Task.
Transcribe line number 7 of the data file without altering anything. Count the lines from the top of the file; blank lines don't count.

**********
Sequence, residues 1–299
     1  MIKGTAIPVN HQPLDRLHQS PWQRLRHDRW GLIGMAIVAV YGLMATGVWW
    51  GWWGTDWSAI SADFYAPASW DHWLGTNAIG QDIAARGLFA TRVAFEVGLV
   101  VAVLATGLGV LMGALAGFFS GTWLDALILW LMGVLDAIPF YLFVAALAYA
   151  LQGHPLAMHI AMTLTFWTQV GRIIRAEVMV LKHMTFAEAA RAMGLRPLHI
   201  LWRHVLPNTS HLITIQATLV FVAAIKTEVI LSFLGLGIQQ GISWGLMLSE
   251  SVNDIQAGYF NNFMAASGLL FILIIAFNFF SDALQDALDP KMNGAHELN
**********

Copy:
   251  SVNDIQAGYF NNFMAASGLL FILIIAFNFF SDALQDALDP KMNGAHELN